Managers are attempting to 'mask' poor workforce planning by over-spending on temporary nurses, according to an influential MP.

Commons public accounts committee chair Edward Leigh MP said hospitals are using bank and agency staff 'to very high levels' and many are failing to manage their demand.

Introducing the committee's report, Improving the Use of Temporary Nursing Staff in NHS Acute and Foundation Trusts, he said: 'Too many trusts are relying on temporary nurses to mask their inability to manage permanent staff properly.

'It has taken the current financial situation in the NHS to get managers to face up to this problem.'

Jump in costs

The report concludes that trusts do not systematically monitor the costs of using temporary nursing staff, which rose by nearly 40 per cent to more than£1bn from 2000 to 2005, despite the addition of 55,000 permanent nurses.

As a proportion of total expenditure on nursing, temporary bank and agency staff remained at 9 per cent overall, but was as much as 29 per cent in some trusts.

This goes against the 2000 NHS plan, which aimed to significantly reduce demand for temporary staff.

The MPs' report advocates the use of local strategies to improve management of temporary nursing. It criticises 'poor management practices on the ward' such as 'lack of control over sick and annual leave and ineffective use of flexible working'.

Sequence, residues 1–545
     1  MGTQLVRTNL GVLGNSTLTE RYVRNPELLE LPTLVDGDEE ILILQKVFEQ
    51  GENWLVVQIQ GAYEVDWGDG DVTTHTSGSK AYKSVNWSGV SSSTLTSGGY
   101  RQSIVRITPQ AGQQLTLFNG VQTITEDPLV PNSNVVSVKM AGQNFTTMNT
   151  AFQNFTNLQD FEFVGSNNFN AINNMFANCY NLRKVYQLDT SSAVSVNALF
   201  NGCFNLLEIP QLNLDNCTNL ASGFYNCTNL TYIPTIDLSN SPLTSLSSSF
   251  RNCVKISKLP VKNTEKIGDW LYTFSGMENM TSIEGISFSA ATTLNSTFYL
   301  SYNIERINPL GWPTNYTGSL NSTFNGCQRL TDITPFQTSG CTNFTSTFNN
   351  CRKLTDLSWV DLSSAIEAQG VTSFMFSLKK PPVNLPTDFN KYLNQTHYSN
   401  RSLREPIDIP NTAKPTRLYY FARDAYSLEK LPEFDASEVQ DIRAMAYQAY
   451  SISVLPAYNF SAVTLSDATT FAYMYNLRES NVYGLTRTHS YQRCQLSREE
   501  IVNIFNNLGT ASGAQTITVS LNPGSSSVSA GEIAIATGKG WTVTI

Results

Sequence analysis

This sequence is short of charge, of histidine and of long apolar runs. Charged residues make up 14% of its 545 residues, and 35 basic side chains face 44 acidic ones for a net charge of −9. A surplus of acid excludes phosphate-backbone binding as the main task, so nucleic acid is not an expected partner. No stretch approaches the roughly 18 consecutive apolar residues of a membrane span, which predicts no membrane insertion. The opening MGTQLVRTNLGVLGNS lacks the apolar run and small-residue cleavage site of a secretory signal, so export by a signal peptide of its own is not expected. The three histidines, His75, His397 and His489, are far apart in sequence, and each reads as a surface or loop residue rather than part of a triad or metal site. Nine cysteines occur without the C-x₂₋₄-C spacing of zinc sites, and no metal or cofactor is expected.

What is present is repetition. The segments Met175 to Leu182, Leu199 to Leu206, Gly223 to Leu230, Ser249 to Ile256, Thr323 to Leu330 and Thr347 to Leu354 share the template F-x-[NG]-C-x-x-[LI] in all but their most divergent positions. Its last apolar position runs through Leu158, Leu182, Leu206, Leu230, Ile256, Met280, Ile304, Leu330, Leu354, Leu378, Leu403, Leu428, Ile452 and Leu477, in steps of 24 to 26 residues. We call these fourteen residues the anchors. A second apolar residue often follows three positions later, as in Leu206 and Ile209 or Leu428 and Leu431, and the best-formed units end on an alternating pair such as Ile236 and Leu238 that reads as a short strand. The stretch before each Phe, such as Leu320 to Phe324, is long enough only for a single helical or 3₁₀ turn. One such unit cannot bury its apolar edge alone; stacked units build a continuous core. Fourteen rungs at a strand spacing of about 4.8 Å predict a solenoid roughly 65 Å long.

Acceptable guidelines

But ward managers need better information to secure the most cost-effective nurses, underpinned by performance measures to assess suppliers of staff, it says.

It also recommends the Department of Health and NHS Employers establish guidelines for acceptable levels of temporary nursing.

However, NHS Employers deputy director Sian Thomas said: 'We've come up with benchmarks but we don't think it's our role to tell people what the most acceptable level is for them.'

She argued that most trusts have already implemented the report's proposals and that the data used by the committee was two years old.

'What's disappointing is it does not recognise that quite a lot is already being done to reduce use of temporary staffing,' she said. But she accepted the report would 'remind trusts not to be complacent'.

The report also says 39 per cent of temporary nurses are not receiving mandatory basic life support training for permanent nurses the figure is 30 per cent.

Maintaining accurate training records would help solve the problem, it suggests.